The Reluctant Radical (2018), directed by Lindsey Grayzel
Reviewed by Rev. Tom Martinez
How does one live in a world gone mad when mainstream culture endorses the insanity? The Reluctant Radical, a documentary produced and directed by Lindsey Grayzel, explores this question in relation to the ecological crisis.
The film follows Ken Ward, a lifelong activist who took time off from his environmental work to help raise his son. During his down time he plunges into the literature on climate change, growing all the more alarmed as he ponders the fate of the world awaiting his child. The experience convinces him he needs to act.
I don’t want to say too much about the monkey-wrenching action Ward eventually engages in, since the outcome of the verdict carries a risk of serious prison time and infuses the drama with steadily building suspense. It opens with him on the day of the action, then moves back in time to some of Ward’s earlier exploits, interspersing his actions with court scenes and relevant biographical sketches.
We hear about Ward’s tenacious activism costing him friends and family. He’s been labeled bipolar and put on meds. It’s a sad commentary on the state of our culture that someone so deeply attuned to the suffering of the planet is literally labeled mentally ill.
And yet somehow Ward resists being swept away by the collective tide of denial and doggedly keeps getting in the way of oil’s unceasing flow. These actions create space for others who, as Ward notes, “in the normal course of action don’t get to tell people what they really think.” There’s a wonderful scene in which a prosecutor gives an impromptu press conference to announce he’s refusing to prosecute Ward for one of his actions because global warming does indeed present an urgent threat demanding immediate action. When he’s finished you hear an off-camera bystander exclaim, “Amen!”
This is part of the film’s appeal: regular people summing the courage to speak the truth. Ward himself comes off as a regular guy, albeit one who’s rather stubborn and well-grounded in scientific knowledge. But what really distinguishes him is his refusal to look away, and his willingness to do something, anything, that might wake people up.
At one point we find him standing at an Exxon gas station with a sign that reads, “EXXON MOBILE: UNPARALLED EVIL.” We watch as customers pull up and ask what’s wrong with Exxon. Ward explains how internal Exxon memos dating back thirty years reveal knowledge of human-induced climate change, which they then actively sought to cover up. There’s something refreshing in his bluntness and moral clarity. “That’s the main story here,” he says, “we’ve agreed to end civilization.”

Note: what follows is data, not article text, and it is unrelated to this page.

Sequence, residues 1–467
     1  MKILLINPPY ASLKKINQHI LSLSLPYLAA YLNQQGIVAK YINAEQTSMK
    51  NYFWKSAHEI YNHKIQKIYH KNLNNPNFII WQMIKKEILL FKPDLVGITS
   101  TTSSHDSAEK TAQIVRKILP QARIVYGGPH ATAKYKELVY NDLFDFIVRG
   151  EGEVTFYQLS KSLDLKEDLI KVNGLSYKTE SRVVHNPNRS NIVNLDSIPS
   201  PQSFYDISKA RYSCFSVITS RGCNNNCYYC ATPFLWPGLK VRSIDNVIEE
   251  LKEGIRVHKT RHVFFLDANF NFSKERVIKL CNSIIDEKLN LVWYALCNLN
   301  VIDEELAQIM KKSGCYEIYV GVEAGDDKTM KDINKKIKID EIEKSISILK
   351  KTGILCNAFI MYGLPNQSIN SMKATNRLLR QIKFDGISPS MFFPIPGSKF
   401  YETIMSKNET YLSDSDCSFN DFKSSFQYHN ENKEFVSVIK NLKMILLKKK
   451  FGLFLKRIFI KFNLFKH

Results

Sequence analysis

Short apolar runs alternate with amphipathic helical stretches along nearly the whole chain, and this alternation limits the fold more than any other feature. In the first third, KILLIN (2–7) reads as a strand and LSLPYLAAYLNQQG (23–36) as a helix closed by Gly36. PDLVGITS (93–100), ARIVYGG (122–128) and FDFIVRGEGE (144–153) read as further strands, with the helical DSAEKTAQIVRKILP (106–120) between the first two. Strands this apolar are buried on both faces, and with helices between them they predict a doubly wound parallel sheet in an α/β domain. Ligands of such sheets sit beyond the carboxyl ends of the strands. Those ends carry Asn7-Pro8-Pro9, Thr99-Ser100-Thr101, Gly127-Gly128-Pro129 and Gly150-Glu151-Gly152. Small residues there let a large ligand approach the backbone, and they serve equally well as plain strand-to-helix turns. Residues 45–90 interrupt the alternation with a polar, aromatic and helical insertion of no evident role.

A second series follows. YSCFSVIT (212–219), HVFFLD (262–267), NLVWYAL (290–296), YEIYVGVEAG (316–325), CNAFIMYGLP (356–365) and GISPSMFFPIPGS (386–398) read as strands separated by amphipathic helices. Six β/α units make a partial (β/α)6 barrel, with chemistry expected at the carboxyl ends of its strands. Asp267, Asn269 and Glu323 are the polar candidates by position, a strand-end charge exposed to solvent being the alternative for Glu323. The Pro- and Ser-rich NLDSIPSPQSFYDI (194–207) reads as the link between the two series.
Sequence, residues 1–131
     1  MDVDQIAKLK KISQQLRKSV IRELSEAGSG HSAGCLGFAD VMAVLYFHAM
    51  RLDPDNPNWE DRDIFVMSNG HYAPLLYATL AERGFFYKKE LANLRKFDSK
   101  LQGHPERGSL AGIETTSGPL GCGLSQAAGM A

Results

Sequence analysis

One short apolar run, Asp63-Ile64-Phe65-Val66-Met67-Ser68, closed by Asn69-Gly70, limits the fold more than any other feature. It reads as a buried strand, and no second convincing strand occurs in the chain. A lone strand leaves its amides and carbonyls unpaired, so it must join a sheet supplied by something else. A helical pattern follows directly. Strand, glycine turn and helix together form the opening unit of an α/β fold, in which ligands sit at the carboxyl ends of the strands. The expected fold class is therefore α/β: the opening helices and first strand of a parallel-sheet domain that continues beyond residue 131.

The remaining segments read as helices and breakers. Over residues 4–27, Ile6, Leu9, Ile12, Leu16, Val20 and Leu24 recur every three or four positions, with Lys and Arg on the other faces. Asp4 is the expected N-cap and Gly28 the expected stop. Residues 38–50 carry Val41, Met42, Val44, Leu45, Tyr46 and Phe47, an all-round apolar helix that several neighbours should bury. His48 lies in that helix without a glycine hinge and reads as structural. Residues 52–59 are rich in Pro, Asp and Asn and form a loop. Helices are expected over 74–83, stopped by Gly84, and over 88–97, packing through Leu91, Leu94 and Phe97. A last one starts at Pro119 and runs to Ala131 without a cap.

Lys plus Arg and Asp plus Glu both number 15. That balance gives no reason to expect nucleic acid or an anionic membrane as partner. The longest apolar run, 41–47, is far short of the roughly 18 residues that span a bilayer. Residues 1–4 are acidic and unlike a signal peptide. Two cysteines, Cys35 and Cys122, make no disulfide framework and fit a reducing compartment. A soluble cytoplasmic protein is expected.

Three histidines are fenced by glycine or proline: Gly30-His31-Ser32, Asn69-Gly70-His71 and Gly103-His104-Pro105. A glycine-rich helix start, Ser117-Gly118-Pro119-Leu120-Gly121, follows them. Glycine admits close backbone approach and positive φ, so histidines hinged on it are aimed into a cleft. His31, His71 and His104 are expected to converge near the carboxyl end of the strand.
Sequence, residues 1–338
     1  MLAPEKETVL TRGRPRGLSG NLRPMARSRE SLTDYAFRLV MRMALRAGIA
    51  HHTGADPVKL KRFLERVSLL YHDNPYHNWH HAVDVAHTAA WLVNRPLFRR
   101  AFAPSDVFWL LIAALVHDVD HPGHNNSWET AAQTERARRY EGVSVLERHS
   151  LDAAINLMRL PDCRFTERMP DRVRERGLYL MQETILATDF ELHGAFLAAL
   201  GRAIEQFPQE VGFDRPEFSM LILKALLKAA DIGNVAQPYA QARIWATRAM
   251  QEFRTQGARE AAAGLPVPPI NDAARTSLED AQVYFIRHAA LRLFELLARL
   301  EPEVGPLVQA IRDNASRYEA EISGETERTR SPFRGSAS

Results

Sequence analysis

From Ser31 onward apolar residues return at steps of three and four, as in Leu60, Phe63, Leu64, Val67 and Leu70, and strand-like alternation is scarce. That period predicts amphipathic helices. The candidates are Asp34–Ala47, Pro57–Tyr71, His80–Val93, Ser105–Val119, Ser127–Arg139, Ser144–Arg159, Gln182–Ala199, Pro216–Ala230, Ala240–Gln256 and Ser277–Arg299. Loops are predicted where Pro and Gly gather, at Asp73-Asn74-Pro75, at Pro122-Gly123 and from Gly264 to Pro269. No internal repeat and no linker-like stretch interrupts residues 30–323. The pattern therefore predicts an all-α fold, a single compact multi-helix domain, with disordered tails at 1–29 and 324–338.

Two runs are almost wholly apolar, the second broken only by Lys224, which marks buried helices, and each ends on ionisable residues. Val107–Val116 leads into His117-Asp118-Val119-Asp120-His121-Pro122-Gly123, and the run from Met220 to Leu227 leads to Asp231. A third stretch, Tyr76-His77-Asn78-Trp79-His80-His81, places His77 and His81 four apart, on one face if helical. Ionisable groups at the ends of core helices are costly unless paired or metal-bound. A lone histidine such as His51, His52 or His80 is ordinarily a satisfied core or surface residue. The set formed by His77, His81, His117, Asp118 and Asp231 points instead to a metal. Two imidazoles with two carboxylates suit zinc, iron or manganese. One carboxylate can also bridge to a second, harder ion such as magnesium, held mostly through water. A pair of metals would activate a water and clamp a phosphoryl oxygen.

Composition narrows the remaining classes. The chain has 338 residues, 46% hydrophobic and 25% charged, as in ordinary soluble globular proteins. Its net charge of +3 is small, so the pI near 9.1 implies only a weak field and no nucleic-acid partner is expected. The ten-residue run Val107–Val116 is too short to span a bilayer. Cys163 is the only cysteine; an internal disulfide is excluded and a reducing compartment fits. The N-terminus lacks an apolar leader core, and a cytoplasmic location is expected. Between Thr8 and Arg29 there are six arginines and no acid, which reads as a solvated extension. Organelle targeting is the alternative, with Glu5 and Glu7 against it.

This is a powerful story of a courageous activist whose dedication to the truth grows organically in the face of the storm. Throughout most of the film he’s taking action alone, a testament to the at-times solitary nature of an activist’s life. But by the time he’s blocking a locomotive carrying crude, he’s been joined by an enthusiastic troop of activists and you get the feeling he’s part of something much bigger, which is, after all, what a spiritually sensitive ecological awareness would have us remember.
I was reminded of this while listening to John Dear, a life-long practitioner of non-violent civil disobedience whose new book (They Will Inherit the Earth) seeks to bring together non-violent activism and the environmental movement. Dear celebrates indigenous activists like Berta Cáceres, whose activism in Honduras resulted in her assassination. “After her death,” Dear writes, “people took to the streets in Honduras and the United States, calling for an independent, international investigation” (They Will Inherit the Earth, p. 65). [That was two years ago and there was in fact an arrest just in the last few days.] Dear notes that some of those who rose up in protest of Ceres’ assassination held signs that read, “Berta didn’t die, she multiplied.”
In light of the life-and-death struggle going on in defiance of the exploitation of God’s creation, it would seem Ken Ward isn’t so crazy after all. Leaders and activists like Ken Ward, Berta Ceceres, Oscar Romero, and others have dared to see the face of the victims and heard the cries of God’s people and God’s creation. Some have been killed for the stands they’ve taken. Ken Ward is still facing legal consequences. What does all this mean for us during the season of Lent moving into Easter? What might it mean for us, too, to take up our cross?
Note: for more information about the writing and work of Fr. John Dear and the call for non-violent action in September 2019, please see this link.
Rev. Tom Martinez
Desert Palm UCC
Editor's note: Tom also facilitates the Earth Care Commission for Arizona Faith Network, and is the SWC rep to the UCC Council for Climate Justice.
Churches can host a screening of the film - Bring the Reluctant Radical to your community.